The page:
Turkish President Recep Tayyip Erdogan last week announced his new Cabinet. He changed almost all ministers, leaving only Fahrettin Koca, the minister of health, and Mehmet Nuri Ersoy, the minister of culture and tourism, in their posts. Erdogan has a habit of testing new recruits and, if he does not find them suitable, he immediately turns to new faces. The present Cabinet is unique in terms of the highest number of new members.
All members of the Cabinet are distinguished people in their domains, but three of them attract extra attention because of the importance of their ministries. They are Mehmet Simsek, the new minister of finance, Hakan Fidan, the minister of foreign affairs, and Gen. Yasar Guler, the minister of defense. Simsek was born to a Kurdish family in Turkiye’s southeastern province of Batman. He learned Turkish after he went to school. He is an important political figure because of his brilliant economic career. He completed his university studies at the prestigious Imperial School of Administrative Studies (Mulkiye), which was established in 1859. Many high-level Ottoman bureaucrats graduated from this school, including the former president of Syria, Shukri Al-Quwatli.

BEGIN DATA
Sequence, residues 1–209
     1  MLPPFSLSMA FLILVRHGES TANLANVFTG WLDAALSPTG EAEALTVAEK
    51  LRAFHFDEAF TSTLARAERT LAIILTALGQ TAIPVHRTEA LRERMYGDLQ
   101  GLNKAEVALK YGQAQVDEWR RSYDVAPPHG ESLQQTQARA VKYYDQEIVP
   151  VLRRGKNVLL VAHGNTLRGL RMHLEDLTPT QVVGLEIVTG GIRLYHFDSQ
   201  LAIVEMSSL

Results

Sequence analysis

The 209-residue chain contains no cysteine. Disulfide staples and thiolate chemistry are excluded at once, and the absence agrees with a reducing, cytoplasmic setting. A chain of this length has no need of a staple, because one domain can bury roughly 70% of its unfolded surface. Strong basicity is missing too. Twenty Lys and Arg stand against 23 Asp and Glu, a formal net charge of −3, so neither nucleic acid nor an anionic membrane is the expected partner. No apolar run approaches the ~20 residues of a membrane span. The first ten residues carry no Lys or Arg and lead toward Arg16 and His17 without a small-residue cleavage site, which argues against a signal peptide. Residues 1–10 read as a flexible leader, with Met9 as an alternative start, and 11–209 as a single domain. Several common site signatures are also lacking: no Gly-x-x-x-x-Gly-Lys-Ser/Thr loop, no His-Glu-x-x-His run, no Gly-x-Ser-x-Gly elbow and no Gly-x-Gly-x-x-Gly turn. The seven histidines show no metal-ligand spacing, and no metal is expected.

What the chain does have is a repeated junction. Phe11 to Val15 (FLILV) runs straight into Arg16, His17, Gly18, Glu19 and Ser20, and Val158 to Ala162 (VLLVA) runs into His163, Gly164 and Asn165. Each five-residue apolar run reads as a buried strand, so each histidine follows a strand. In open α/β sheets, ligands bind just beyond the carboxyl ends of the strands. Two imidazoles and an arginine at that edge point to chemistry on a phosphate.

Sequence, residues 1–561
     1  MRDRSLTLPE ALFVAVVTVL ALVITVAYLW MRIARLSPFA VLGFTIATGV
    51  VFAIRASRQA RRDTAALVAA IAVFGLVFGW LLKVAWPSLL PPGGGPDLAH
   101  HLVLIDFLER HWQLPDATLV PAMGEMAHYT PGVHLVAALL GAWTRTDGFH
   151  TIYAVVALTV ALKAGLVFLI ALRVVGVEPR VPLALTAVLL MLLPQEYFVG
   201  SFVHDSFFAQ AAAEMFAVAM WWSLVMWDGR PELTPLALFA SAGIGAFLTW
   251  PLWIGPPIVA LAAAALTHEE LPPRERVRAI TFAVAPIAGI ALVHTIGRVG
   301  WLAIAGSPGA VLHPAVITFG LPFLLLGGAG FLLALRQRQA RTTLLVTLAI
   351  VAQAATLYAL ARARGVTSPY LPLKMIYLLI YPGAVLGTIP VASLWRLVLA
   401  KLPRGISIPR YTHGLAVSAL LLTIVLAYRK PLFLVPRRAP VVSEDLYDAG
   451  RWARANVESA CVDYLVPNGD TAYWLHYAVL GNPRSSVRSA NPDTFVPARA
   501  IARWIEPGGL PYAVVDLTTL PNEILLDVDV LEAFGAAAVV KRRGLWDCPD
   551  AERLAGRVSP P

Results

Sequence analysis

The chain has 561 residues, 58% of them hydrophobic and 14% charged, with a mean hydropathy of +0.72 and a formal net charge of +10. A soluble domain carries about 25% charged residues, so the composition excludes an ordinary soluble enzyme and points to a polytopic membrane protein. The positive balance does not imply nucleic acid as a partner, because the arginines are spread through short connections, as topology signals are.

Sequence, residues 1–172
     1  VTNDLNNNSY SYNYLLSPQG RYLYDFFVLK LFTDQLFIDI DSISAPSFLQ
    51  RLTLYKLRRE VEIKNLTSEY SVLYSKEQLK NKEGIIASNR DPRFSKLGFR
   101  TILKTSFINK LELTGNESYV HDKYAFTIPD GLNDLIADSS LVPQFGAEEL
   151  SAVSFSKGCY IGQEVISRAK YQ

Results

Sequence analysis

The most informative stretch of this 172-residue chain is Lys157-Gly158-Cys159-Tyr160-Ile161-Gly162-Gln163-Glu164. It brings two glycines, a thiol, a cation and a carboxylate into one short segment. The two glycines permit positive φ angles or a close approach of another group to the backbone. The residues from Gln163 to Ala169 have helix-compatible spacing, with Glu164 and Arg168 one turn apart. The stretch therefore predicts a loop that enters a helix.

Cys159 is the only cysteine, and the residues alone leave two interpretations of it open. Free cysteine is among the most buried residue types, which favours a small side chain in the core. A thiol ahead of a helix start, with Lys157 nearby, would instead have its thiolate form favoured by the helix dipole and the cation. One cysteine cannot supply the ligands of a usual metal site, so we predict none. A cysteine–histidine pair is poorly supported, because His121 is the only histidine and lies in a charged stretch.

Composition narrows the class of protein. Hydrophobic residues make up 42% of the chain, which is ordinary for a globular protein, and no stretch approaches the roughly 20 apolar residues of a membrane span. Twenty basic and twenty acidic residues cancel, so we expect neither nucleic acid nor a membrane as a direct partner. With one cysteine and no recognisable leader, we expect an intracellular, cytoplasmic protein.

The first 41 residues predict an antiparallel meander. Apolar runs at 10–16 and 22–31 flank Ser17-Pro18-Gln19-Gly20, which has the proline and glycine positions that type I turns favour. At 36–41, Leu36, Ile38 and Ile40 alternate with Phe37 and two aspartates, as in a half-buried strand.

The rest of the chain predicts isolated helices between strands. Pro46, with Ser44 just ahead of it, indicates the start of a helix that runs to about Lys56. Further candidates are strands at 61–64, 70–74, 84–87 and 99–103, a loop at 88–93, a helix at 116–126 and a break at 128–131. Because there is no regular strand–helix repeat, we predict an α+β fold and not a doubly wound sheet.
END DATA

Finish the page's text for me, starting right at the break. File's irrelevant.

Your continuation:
Simsek completed his master’s degree at Exeter University in the UK. Between 1993 and 1997, he worked as chief economic analyst in the US Embassy in Ankara. He then worked for a short period in the US at the Union Bank of Switzerland and later at Deutsche Bank in Turkiye. He became the top administrative economist for Merrill Lynch covering the Middle East and Africa, before switching to Central Europe and Russia. Erdogan picked him up when he was in this post.
His position has been a subject of tough bargaining with Erdogan. He disagreed with the president on the economic policy to be followed. After having served as finance minister between 2009 and 2015, he quit this post and returned to his international finance business. Simsek’s name returned to the forefront immediately before the first round of last month’s elections. The ruling AKP party’s spokesman Omer Celik said that Simsek was not considering getting involved in active politics, but added that he was prepared to extend any assistance in case he was asked. Presidential spokesman Ibrahim Kalin expressed the same idea with slightly different words.
A pessimistic public opinion poll company, Aksoy, operating in Istanbul, had stated that Simsek’s refusal to join the AKP’s ranks was neither the first nor the last sign of the bruised support for the AKP government. In fact, Simsek – after talking to Erdogan on the Monday before the May 14 elections – announced on his Twitter account that he was not interested in a return to active politics. These continuous changes prove once more how slippery the political ground is in Turkiye. A senior journalist, Toygun Atilla, said that when Erdogan proposed that Simsek should sit in the command seat of Turkiye’s economy, he accepted it by saying: “This is a service for my country and I am ready to assume this responsibility.”